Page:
Who, for us men for our salvation, came down from heaven, and was incarnate by the Holy Spirit of the virgin Mary, and was made man; and was crucified also for us under Pontius Pilate; He suffered and was buried; and the third day He rose again, according to the Scriptures; and ascended into heaven, and sits on the right hand of the Father; and He shall come again, with glory, to judge the quick and the dead; whose kingdom shall have no end. -source-

The idea was to bolster the facts of who Christ was, while including His sufferings and death under Pilate. It lends credence to the assertion when those involved are specifically named. It confirms the faith once delivered. This is why it was added.

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  • A point of clarification: ταυρωθέντα τε ὑπὲρ ἡμῶν ἐπὶ Ποντίου Πιλάτου. Jesus was not crucified "under" Pontius Pilate, but the sense is more "during." It is historically placing the time of the crucifixion. This is the problem with relying on translations, so many of them are bad. – Rob Feb 23 at 12:14
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According to this site it has to do with the importance of preserving the historicity of the event surrounding the execution of Jesus Christ.

It says in part:

The inclusion of Pilate’s name in the creed can be traced back to the very beginnings of the Catholic Church. This section of the prayer was already quoted by Tertullian by the early 3rd century. For the early Christians, it was essential to include Pilate’s name. One of the primary reasons the Church has kept this inclusion is to reinforce the historicity of Jesus’ Passion. The existence of Pontius Pilate can be verified by sources outside of the Gospels and his name provides a powerful reminder that Jesus’ death occurred within the context of Roman rule and at a specific date in human history.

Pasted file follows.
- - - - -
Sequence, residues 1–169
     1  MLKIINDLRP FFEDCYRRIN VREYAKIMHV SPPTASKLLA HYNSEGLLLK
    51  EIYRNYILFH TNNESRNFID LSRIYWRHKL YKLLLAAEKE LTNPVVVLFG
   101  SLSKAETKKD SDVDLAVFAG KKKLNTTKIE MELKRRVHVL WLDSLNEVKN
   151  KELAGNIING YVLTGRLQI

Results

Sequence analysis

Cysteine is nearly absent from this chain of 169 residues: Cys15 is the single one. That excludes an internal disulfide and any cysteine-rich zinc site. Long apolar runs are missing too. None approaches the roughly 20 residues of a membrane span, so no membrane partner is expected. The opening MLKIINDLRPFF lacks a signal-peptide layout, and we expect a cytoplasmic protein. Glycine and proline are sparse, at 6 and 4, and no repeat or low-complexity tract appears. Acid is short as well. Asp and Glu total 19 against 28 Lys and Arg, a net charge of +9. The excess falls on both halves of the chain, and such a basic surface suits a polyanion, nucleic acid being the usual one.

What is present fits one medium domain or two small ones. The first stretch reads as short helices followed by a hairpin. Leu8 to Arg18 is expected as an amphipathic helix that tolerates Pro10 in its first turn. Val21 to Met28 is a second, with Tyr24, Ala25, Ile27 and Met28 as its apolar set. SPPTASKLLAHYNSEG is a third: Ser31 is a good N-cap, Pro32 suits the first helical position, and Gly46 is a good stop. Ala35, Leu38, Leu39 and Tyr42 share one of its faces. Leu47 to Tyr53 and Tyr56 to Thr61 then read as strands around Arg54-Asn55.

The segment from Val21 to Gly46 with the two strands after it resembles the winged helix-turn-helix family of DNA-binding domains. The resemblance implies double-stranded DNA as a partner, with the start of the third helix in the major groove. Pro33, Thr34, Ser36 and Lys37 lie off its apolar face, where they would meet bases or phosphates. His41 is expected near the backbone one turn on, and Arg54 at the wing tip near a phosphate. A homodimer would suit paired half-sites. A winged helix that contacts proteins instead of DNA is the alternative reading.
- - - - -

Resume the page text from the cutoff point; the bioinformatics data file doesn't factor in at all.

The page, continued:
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  • We could also note that before a widespread universal calendar system, in ancient times people often referred to the timing of events not by "in year x", but by "during the reign of emperor/king/governor such-and-such" – vsz Feb 14 at 12:12
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SLM's answer is bang on. The Bible is one of the few - if not the only religious text that specifies historical people and events, and in part this was because it was important to the culture of the folks putting these events down on paper to firmly tie events in with historically relevant data and events. Pilate was also a well known name - so by promoting that name in the creed draws attention to - in effect - hostile witnesses that were indeed still around - and thereby plausible.

There are excellent sources regarding the historicity of the bible, a good place to start where several experts are gathered together are the books of Lee Strobel - you can get a synopsis with some names here: https://www.adefenceofthebible.com/2017/07/14/lee-strobel/

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  • Welcome to Christianity Stack Exchange. Please take our Tour (link below) to understand how we are different to other sites. Although I have nothing against Lee Strobel, this question is not asking for biblical proof regarding the historicity of the Bible, and the link you give does not answer the question. I suggest you edit your question and remove it and focus purely on what is being asked. christianity.stackexchange.com/tour – Lesley Feb 19 at 11:29